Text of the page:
Problems with calculating U-values?
Simple U-value calculations can be made by taking the thermal resistance of each material forming a layer in the construction of a particular building element and calculating the reciprocal of the sum. The internal and external faces also have resistances, which are also added as fixed values. There are numerous online U-value calculators available in order to do this.
Calculating a U-value like this may be very simple in terms of new-build when the exact makeup of an element is known and can be monitored but it's not quite as simple when we're dealing with the existing properties when we can only make an assumption or educated guess as to the exact construction of any element without invasive examination.
Compounded to the challenge of using calculated U-values is the fact that standards of installation and workmanship can negatively affect the U-value. Poorly fitted insulation, air gaps, cold bridging from fixings, wall ties etc, the different thermal properties of mortar joints and suchlike all have an effect on the actual U-value but which go unseen within the walls, floors and roof of existing properties.
Why measure U-values instead?
The in-situ U-value of building elements can vary significantly from calculated values. Instead of calculating U-values, it is possible to measure the exact U-value of existing walls, floors and roofs directly using portable equipment and sensors. Measuring provides an accurate reading of the true U-value of building elements without the issues described above. Build Test Solutions have pioneered various U-value measurements techniques which allow you to measure in-situ U-values in as little as 1 hour.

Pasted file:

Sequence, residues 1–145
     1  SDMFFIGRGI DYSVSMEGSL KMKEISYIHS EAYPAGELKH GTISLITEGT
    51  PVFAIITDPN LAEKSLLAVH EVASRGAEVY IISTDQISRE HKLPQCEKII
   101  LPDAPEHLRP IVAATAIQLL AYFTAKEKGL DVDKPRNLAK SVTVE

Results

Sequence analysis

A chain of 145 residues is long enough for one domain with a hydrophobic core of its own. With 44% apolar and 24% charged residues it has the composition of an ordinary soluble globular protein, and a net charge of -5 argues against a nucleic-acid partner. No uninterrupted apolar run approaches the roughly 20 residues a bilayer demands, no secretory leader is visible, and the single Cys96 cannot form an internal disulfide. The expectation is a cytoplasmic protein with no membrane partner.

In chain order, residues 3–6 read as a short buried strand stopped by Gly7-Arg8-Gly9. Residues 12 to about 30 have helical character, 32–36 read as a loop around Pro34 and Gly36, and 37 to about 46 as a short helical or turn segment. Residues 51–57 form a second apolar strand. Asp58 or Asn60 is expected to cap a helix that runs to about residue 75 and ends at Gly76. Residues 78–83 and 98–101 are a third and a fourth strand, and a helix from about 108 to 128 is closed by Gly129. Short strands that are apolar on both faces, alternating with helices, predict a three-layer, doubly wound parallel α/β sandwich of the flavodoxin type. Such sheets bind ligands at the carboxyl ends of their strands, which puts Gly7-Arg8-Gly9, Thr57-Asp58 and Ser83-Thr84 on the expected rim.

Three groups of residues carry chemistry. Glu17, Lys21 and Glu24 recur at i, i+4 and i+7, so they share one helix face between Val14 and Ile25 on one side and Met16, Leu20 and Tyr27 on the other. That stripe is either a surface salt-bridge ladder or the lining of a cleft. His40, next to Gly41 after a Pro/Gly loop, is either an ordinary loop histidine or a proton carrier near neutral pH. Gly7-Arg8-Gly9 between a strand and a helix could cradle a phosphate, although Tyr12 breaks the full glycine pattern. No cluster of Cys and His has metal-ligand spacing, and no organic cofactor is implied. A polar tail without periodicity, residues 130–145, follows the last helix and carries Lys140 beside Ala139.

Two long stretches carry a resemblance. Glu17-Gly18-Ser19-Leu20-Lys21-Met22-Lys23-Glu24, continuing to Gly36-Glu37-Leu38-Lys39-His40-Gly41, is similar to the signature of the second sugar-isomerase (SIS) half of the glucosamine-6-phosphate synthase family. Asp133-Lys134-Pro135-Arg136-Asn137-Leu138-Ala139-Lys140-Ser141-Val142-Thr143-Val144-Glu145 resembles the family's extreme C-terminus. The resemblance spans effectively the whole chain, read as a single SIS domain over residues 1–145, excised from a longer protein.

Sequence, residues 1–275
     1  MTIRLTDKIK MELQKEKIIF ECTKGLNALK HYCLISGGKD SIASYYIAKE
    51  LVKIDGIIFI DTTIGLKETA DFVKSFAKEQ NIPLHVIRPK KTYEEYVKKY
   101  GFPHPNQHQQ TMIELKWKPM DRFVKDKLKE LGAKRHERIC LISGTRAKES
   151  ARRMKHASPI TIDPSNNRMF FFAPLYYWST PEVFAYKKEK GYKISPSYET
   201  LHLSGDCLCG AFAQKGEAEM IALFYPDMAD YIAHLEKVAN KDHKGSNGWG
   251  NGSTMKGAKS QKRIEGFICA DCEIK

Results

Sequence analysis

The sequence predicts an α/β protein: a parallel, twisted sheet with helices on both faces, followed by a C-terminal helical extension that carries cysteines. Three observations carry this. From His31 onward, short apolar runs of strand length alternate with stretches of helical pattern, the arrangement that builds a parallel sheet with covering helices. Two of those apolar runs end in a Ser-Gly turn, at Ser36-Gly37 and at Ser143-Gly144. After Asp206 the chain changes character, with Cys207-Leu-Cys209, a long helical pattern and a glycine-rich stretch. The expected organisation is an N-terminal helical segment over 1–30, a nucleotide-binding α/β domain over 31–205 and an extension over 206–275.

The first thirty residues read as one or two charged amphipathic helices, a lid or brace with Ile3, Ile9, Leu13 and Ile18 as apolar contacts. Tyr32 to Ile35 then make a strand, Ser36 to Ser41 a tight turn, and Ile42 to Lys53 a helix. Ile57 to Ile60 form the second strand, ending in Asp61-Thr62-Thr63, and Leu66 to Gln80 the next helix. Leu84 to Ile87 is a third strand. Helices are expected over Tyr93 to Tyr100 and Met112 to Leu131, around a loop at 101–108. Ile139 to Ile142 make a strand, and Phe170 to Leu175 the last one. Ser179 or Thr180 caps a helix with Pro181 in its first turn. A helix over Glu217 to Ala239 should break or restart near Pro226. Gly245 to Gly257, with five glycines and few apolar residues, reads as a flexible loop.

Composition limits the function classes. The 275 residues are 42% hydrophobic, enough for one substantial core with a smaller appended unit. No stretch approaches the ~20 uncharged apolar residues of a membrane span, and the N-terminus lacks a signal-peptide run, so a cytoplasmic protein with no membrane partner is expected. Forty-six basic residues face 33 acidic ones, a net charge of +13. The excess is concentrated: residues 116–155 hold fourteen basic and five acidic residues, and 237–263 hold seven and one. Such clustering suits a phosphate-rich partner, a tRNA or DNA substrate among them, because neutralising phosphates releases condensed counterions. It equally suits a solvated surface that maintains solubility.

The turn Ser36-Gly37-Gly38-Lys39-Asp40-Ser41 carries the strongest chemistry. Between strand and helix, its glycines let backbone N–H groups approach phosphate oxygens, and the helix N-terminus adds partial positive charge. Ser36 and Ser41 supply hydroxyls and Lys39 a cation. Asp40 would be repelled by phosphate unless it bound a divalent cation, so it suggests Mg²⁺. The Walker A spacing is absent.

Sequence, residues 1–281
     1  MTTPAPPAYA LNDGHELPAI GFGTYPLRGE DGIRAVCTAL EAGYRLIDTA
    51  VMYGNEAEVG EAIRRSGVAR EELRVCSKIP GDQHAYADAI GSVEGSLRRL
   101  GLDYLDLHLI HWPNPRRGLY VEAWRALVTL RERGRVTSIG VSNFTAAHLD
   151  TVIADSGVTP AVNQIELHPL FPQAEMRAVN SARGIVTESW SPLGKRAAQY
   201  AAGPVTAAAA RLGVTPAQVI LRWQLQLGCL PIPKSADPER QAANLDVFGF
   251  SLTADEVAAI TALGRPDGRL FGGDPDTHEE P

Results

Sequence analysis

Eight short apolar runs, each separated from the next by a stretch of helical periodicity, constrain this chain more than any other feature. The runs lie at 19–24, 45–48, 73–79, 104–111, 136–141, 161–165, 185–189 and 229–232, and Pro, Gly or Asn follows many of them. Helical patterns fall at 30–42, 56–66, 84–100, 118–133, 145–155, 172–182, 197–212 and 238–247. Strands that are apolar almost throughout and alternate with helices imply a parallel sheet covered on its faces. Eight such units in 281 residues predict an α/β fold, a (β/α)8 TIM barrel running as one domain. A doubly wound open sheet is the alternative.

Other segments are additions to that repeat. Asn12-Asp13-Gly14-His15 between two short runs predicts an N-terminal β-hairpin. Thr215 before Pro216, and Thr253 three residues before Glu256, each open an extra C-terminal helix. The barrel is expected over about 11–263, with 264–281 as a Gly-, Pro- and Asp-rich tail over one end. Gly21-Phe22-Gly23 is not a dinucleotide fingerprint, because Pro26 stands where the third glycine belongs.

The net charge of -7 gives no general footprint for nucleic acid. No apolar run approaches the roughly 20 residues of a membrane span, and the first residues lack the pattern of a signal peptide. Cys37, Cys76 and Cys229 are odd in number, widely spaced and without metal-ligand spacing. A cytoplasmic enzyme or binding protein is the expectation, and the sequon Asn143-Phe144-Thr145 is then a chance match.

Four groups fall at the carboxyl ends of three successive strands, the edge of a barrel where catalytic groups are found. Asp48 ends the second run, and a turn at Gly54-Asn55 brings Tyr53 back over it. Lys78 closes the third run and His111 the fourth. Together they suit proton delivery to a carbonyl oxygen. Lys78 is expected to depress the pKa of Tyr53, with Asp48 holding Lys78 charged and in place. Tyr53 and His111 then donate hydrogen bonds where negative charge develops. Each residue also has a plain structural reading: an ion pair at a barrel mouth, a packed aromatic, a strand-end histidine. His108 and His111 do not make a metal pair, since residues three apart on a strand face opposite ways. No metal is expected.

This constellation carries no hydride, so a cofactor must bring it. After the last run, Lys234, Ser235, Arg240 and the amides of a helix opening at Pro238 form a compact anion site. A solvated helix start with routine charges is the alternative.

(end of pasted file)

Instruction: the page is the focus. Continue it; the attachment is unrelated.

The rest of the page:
Heat Flux Measurement
The established and traditional method of measuring an in-situ U-value is using a heat flow meter along with one or more heat flux plates.
Our In-site U-value Measurement System is a portable tool that acts as a heat flow meter and consists of a data logger, 2 x heat flux plates, surface temperature sensors, air temperature sensors, and a 4G modem all incorporated into a protective case.
The system can record heat flux measurements over a number of days or weeks in order to deliver greater accuracy and quantify the in-situ U-value of building elements according to the ISO 9869 methodology.
Whilst this is a recognised and accepted method of U-value measurement it does take a minimum of 72 hours (3 days) to collect enough data for accurate results which may not always be possible.
Heat3D Infrared Thermography
An alternative method is to use our Heat3D infrared thermography based solution for measuring U-values. Heat3D is an innovative mobile app that allows you to precisely measure heat flow and U-values of building elements using a low-cost, quick and non-invasive method.
Heat3D is designed to work on iPhones and iPads and uses a portable thermal camera to obtain results in a matter of hours as opposed to days or weeks using heat flux plates. The rapid nature of the measurement enables quantified U-values that are more accurate than manual calculation methods but achievable in a similar amount of time.
The Heat3D iOS app uses Apple ARKit to detect room features such as walls, floors and ceilings and construct a 3D model. When combined with a FLIR portable camera, infrared thermal images are projected onto the 3D model showing the heat signature through each surface. Quantitative infrared thermography is used to calculate the heat loss through these surfaces and, using temperature sensors, a U-value is calculated and presented on the device.
Measuring a U value across an entire element with Heat3D can take as little as 1-hour meaning that the measurement of actual U-values is now possible in all projects.